Street food – Odeng/Eomuk (Fishcake)


Often served as a side dish, this steamed egg and water dish makes for the perfect light lunch. Sometimes cooked up with green onion, salt and pepper, even Koreans will use this to counteract the sometimes over-the-top spice levels!



These thin buckwheat noodles, often dished up cold, are perfect for combating the heat during summer months. They’re usually topped with eggs, meats and veggies, and served in a refreshing vinegar-based broth.



Traditional Korean barbecue meals involves cooking up the raw meat yourself on small, table-top grills. While some of the traditional side dishes in this type of dining pack some punch, the main meats aren’t spicy. Samgyupsal— unseasoned pork belly, doesn’t have much flavor at all. Dip it in the yellow sesame oil, salt and pepper sauce for a nice boost in taste. Make sure to save room for the king of all Korean meats: galbi beef. It’s a little pricier, but once you start enjoying the sweet marinade and premiere cuts, you’ll really notice the difference.

Korean barbecue-Hoenggye hanu
landscape with balloons floating in the air


Connect with like-minded people on our premium trips curated by local insiders and with care for the world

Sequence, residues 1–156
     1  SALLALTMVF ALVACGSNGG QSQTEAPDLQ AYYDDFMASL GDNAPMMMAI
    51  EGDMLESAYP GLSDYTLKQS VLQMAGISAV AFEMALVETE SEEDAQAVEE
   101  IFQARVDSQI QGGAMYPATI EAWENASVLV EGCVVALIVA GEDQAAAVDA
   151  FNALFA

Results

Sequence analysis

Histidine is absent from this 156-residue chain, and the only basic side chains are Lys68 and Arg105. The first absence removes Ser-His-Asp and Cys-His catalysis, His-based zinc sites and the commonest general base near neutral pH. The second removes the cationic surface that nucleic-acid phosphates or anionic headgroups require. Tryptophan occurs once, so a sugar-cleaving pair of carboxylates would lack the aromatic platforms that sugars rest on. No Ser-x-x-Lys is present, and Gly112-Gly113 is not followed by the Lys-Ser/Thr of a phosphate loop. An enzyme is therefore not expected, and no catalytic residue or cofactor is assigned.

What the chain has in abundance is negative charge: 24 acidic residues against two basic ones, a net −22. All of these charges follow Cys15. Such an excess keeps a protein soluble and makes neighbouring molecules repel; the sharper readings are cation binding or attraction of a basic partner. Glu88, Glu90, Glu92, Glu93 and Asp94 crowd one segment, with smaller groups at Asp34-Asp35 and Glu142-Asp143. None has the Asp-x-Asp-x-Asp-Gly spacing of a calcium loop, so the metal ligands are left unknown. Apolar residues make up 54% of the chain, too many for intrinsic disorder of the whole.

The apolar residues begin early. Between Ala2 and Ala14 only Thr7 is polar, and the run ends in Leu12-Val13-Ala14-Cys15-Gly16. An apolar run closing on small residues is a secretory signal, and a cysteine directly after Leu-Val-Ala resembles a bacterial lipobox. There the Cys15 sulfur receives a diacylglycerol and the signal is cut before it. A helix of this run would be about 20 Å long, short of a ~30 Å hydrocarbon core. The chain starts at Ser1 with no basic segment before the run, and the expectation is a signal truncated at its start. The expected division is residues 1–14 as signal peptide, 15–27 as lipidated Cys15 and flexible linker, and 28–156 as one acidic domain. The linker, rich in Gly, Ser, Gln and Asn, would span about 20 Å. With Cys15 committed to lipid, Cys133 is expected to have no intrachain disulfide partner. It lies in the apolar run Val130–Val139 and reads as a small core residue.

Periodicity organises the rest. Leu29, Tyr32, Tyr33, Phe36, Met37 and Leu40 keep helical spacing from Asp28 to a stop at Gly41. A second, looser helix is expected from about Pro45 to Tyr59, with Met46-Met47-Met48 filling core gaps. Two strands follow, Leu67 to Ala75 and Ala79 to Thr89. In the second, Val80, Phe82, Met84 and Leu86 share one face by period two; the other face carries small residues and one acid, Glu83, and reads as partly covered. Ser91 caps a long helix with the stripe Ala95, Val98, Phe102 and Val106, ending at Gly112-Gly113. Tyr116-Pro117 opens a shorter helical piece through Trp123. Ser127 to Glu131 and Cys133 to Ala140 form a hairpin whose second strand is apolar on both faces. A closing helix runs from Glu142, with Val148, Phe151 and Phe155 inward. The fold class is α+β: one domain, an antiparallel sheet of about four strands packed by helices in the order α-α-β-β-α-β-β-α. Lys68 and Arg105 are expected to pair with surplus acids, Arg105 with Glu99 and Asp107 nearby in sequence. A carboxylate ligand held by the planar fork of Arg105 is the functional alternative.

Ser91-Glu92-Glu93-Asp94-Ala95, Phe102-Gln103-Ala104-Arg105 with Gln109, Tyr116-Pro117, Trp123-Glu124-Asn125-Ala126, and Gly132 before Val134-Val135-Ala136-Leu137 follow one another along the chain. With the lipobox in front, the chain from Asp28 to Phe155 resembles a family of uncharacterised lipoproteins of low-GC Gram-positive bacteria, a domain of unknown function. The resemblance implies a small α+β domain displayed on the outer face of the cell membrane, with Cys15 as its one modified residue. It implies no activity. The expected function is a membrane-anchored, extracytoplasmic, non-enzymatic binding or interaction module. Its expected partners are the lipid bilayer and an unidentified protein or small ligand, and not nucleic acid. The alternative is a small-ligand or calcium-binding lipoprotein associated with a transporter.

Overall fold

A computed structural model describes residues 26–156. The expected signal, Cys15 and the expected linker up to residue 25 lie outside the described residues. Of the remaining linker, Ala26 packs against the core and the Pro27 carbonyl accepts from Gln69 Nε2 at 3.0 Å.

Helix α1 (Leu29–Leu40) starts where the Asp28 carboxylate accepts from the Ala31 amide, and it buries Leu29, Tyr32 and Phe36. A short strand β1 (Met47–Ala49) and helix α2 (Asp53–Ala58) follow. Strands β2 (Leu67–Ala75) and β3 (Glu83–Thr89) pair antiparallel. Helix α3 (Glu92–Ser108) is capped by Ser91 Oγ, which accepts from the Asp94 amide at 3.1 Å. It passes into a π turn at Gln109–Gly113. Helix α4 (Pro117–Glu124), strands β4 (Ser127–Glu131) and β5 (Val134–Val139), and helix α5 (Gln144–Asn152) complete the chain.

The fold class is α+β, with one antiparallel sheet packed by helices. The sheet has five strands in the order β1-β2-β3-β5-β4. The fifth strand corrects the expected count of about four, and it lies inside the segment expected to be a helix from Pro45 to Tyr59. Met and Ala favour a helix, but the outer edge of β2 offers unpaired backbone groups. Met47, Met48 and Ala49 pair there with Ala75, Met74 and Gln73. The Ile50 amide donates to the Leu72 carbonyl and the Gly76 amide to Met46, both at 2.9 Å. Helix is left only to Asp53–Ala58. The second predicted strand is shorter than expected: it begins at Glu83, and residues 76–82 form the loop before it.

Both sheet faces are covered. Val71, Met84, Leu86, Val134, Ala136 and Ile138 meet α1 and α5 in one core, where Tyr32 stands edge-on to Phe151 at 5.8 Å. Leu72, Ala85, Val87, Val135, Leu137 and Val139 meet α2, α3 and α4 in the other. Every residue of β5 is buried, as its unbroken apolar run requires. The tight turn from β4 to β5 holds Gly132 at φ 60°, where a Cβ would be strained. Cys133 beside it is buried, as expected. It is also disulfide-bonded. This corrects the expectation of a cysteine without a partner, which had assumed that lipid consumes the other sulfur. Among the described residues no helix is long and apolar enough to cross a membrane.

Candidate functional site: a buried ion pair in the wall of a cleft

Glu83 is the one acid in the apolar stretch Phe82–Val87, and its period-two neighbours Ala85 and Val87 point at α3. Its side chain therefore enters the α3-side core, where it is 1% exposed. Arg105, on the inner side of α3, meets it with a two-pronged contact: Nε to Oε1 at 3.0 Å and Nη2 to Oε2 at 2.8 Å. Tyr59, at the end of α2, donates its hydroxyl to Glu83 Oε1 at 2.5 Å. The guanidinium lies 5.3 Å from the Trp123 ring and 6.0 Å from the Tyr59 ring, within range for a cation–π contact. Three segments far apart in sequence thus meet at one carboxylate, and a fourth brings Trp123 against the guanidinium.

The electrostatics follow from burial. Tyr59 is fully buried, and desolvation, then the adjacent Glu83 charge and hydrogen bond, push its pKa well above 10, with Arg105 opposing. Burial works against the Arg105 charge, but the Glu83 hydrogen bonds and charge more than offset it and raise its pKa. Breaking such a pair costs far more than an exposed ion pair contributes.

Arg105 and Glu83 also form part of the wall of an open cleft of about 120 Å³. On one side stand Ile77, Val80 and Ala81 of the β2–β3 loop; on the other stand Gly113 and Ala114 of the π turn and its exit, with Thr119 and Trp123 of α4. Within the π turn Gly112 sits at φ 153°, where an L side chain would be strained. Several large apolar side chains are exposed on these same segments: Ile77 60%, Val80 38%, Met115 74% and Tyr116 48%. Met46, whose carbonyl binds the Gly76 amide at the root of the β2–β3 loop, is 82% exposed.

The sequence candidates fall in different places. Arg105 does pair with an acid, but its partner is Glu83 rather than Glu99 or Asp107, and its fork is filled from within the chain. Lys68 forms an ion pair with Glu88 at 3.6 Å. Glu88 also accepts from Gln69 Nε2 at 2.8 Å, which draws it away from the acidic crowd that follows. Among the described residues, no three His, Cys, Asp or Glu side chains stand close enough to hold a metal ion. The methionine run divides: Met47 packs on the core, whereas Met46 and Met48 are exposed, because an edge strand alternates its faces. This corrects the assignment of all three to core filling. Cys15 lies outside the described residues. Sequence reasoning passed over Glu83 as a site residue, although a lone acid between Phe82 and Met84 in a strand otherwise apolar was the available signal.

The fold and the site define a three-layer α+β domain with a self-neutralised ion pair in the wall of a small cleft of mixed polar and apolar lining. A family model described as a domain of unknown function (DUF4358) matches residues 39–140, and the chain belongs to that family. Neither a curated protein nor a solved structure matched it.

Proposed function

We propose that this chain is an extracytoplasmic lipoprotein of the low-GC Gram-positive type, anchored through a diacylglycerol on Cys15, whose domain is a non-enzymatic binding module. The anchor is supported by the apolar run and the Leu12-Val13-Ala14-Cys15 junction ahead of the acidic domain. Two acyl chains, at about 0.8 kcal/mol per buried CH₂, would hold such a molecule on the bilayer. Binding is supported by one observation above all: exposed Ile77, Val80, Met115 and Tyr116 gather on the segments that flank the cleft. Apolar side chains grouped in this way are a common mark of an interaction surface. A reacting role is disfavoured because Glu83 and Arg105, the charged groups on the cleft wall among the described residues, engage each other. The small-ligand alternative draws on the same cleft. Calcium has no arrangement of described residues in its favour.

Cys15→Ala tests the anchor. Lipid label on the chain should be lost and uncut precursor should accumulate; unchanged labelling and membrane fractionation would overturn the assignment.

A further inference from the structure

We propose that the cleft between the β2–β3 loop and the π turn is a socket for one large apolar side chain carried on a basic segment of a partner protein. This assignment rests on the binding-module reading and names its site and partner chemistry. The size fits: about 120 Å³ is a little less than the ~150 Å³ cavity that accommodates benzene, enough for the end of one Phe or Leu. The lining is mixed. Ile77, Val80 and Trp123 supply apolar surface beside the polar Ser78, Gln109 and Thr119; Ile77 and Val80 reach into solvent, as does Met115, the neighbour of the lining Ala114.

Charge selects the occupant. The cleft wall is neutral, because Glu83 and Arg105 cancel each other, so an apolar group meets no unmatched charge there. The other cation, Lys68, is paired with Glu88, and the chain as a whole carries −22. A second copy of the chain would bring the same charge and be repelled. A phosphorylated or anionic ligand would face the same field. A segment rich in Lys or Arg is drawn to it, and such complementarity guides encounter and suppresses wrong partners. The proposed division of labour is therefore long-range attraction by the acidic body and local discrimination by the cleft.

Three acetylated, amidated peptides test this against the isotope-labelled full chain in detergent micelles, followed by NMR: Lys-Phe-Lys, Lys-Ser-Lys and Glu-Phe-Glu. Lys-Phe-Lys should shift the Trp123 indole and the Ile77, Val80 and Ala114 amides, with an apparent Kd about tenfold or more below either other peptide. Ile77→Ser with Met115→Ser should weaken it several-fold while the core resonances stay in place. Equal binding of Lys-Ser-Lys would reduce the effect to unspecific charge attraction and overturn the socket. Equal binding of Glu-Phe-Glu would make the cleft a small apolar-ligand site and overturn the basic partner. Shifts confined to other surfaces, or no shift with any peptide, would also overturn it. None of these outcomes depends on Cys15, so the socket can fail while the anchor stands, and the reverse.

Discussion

Since you are here, we would like to share our vision for the future of travel - and the direction Culture Trip is moving in.

Culture Trip launched in 2011 with a simple yet passionate mission: to inspire people to go beyond their boundaries and experience what makes a place, its people and its culture special and meaningful — and this is still in our DNA today. We are proud that, for more than a decade, millions like you have trusted our award-winning recommendations by people who deeply understand what makes certain places and communities so special.

Increasingly we believe the world needs more meaningful, real-life connections between curious travellers keen to explore the world in a more responsible way. That is why we have intensively curated a collection of premium small-group trips as an invitation to meet and connect with new, like-minded people for once-in-a-lifetime experiences in three categories: Culture Trips, Rail Trips and Private Trips. Our Trips are suitable for both solo travelers, couples and friends who want to explore the world together.

Culture Trips are deeply immersive 5 to 16 days itineraries, that combine authentic local experiences, exciting activities and 4-5* accommodation to look forward to at the end of each day. Our Rail Trips are our most planet-friendly itineraries that invite you to take the scenic route, relax whilst getting under the skin of a destination. Our Private Trips are fully tailored itineraries, curated by our Travel Experts specifically for you, your friends or your family.

We know that many of you worry about the environmental impact of travel and are looking for ways of expanding horizons in ways that do minimal harm - and may even bring benefits. We are committed to go as far as possible in curating our trips with care for the planet. That is why all of our trips are flightless in destination, fully carbon offset - and we have ambitious plans to be net zero in the very near future.

Winter Sale Offers on Our Trips

Incredible Savings

Edit article